by Joel Wood
June 24, 2014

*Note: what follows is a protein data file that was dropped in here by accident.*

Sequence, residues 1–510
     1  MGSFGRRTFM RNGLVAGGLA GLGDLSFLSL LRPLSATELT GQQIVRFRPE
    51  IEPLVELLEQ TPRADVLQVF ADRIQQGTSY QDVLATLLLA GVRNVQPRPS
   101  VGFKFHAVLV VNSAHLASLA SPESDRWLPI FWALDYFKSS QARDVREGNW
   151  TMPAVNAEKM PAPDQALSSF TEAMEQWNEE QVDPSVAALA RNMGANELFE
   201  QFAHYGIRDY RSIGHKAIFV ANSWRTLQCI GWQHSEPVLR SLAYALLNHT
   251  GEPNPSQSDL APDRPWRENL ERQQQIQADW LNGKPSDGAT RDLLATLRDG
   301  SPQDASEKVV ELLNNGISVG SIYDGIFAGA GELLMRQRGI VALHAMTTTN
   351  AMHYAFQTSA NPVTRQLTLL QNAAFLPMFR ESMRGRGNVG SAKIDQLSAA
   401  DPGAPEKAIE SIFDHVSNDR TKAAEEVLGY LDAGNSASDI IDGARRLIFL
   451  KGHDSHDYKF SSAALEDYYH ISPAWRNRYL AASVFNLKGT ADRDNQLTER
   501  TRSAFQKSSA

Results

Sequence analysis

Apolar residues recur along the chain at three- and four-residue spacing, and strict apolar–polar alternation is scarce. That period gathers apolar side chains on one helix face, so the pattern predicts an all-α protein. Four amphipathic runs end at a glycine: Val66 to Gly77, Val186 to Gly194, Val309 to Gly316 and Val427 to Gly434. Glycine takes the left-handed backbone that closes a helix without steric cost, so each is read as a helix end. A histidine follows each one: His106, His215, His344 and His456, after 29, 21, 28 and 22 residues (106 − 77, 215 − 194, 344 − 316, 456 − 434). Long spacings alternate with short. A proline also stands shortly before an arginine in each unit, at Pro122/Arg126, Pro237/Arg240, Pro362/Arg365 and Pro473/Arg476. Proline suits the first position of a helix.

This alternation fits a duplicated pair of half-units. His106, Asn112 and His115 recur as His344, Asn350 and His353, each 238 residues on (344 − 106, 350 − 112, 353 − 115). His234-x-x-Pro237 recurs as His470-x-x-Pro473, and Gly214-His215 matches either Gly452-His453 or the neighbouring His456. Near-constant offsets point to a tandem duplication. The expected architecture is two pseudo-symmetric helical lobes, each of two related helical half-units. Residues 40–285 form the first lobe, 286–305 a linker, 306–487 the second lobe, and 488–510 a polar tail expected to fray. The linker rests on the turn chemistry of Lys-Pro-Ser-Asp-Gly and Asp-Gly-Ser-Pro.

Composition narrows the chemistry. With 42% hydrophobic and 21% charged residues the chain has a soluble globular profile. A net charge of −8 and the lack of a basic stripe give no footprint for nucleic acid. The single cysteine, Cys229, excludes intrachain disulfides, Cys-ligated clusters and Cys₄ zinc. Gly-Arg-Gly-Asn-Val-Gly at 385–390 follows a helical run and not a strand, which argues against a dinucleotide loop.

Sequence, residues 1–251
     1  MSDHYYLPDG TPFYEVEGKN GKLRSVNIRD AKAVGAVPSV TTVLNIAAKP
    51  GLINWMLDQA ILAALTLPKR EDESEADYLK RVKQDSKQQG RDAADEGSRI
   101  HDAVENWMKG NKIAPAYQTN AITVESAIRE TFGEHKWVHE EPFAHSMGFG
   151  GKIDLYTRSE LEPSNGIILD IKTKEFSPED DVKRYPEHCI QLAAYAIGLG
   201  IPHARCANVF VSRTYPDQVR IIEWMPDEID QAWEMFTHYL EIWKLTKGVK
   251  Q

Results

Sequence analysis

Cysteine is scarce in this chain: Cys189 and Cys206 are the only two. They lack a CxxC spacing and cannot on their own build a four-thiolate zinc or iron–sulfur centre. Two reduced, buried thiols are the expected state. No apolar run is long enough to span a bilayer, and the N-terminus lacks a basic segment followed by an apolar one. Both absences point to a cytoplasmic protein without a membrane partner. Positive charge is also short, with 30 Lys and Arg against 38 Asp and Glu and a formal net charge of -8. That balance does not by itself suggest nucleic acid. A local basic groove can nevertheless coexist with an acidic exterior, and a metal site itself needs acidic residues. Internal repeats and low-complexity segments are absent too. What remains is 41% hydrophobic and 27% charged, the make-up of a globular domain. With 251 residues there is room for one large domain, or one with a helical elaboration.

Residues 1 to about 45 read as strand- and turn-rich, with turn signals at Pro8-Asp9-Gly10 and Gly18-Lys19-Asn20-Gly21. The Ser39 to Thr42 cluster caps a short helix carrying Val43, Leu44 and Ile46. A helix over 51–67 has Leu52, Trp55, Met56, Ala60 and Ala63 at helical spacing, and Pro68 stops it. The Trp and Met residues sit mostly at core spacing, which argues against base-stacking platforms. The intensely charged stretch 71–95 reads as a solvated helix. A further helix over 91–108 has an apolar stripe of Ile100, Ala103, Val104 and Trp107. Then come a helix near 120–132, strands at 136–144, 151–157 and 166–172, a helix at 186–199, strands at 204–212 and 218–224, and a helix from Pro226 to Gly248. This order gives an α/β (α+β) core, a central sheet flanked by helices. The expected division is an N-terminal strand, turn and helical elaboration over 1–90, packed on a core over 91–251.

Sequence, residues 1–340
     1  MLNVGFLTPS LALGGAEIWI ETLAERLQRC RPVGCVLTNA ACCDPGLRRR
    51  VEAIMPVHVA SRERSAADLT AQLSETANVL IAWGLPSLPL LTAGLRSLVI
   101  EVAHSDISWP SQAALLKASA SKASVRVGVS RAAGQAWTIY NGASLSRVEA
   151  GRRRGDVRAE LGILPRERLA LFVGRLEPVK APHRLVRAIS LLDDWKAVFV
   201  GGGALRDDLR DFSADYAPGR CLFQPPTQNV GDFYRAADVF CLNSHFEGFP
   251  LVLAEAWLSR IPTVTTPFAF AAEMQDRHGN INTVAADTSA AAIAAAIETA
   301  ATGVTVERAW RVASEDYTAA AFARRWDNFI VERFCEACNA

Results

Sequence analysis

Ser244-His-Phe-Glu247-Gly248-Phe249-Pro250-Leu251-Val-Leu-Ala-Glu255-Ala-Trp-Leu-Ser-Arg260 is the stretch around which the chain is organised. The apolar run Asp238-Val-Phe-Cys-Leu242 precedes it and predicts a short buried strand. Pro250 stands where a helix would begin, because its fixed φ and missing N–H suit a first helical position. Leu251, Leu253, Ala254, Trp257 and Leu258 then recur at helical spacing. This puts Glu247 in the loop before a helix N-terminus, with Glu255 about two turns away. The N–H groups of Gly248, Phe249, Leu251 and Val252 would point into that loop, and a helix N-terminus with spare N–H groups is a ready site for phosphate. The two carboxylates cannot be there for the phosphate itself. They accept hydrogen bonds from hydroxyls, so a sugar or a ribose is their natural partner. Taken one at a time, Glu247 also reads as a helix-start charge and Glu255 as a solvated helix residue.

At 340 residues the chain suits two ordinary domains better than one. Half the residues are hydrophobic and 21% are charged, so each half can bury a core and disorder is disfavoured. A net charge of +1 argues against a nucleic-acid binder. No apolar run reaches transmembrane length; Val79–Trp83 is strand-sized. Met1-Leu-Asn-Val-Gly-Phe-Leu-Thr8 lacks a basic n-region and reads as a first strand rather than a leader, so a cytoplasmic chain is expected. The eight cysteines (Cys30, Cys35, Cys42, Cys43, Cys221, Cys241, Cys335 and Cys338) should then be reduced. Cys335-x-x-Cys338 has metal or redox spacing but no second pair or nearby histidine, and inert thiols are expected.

Log export policy is a matter of great controversy in British Columbia. Unions and some politicians argue for a complete ban, while previous economic analysis favors free trade in logs. This paper compares three policy options for BC log exports: a ban, an export quota, and free trade. An outright ban is by far the most costly of the three. From there, the analysis grows more complex. A quota policy that restricts log exports provides net benefits to BC when compared to both the outright ban and completely free trade. Yet from a global perspective, free trade is clearly the most desirable policy. The scarcity rent that accrues to BC from export restrictions becomes a welfare gain for foreign buyers of BC logs. There is also the potential possibility of using an abolition of export quotas as a bargaining chip for better trade deals with other countries. In either case, those advocating for an outright ban are clearly not on the side that provides the best economic benefits to British Columbians.